Something that came through very clearly about last week’s #TheShowMustBePaused day when music companies of all kinds paused their regular work to respond to the protests about racism and police brutality was that it couldn’t just be about one day: it was about paving the way for a host of actions and changes over the coming weeks, months and years. That’s enhanced by the very public pressure on music companies to now announce what they’re doing, rather than simply posting the right hashtags and sentiments.
With that in mind, here’s some more news about actions. On Friday, Sony Music announced a $100m fund that will support social justice and anti-racist initiatives globally, promising that it will “immediately begin to donate to organisations that foster equal rights… with our community fully involevd in effectively using these funds”. The fund matches WMG and the Blavatnik Family Foundation’s $100m fund, which was announced last week, while Universal Music Group has announced a $25m fund as part of the “first phase” of further support.
One of UMG’s labels, Republic Records, has also thrown its weight behind one particular change that has been discussed before: stopping using the catch-all term ‘urban’ to describe music made by Black artists. “Over time the meaning and connotations of ‘urban’ have shifted and it developed into a generalization of Black people in many sectors of the music industry, including employees and music by Black artists,” explained Republic’s statement. “While this change will not and does not affect any of our staff structurally, it will remove the use of this antiquated term… We encourage the rest of the music industry to consider following suit.”
The range of voices being heard in and around these actions continues to include criticism of the traditional industry and its structures. Beyoncé, for example, offered her views during an address to students as part of YouTube’s ‘Dear Class of 2020’ livestream yesterday. “The entertainment business is still very sexist. It’s still very male-dominated, and as a woman, I did not see enough female role models given the opportunity to do what I knew I had to do,” she said.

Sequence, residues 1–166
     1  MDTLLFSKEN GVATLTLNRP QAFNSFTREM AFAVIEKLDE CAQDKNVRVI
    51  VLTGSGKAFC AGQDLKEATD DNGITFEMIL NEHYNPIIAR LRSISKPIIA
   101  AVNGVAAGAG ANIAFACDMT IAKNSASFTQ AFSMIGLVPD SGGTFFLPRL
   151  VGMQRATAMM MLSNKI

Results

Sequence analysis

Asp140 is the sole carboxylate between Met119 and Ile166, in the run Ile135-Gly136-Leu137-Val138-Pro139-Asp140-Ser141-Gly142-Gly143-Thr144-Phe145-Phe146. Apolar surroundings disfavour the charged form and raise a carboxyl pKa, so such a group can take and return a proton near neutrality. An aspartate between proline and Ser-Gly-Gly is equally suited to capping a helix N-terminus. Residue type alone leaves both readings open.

“To run my label and management company, to direct my films and produce my tours, that meant ownership: owning my masters, owning my art, owning my future and writing my own story. Not enough black women had a seat at the table. So I had to go and chop down that wood and build my own table. Then I had to invite the best there was to have a seat.”
Meanwhile, veteran US industry lawyer Ronald E. Sweeney called for labels to address “the elephant in the room: Why is it that Black music generates millions and millions of dollars a year and yet none of the companies have a meaningful number of employees of color, let alone in the executive suite?” in a guest column for MBW.
He set out a 12-point plan for major music companies, including creating new companies “to be headed by minorities, give them their own budgets and let them run the companies like you currently do with other executives”; creating executive training programs focused on non-white staff; funding music industry business programs in Black colleges; and – another existing discussion that has come to the forefront in the past week – “With respect to Black artists signed to you prior to 2000, that are no longer signed to your companies, zero out their unrecouped royalty balances and let their royalties flow to them so they can support themselves”.
Alongside all this, there’s a new seven-day social-media campaign underway with a new hashtag, #ArtistsForBlackLives. Aimed at artists who are “not sure what to post right now” it draws together suggestions from Black anti-racism educators, organisers and activists to “drive a targeted windfall
of visibility and cashflow” towards Black-owned organisations, fundraisers and initiatives – complete with pre-prepared visual assets for social media. You can find the PDF with all the details here.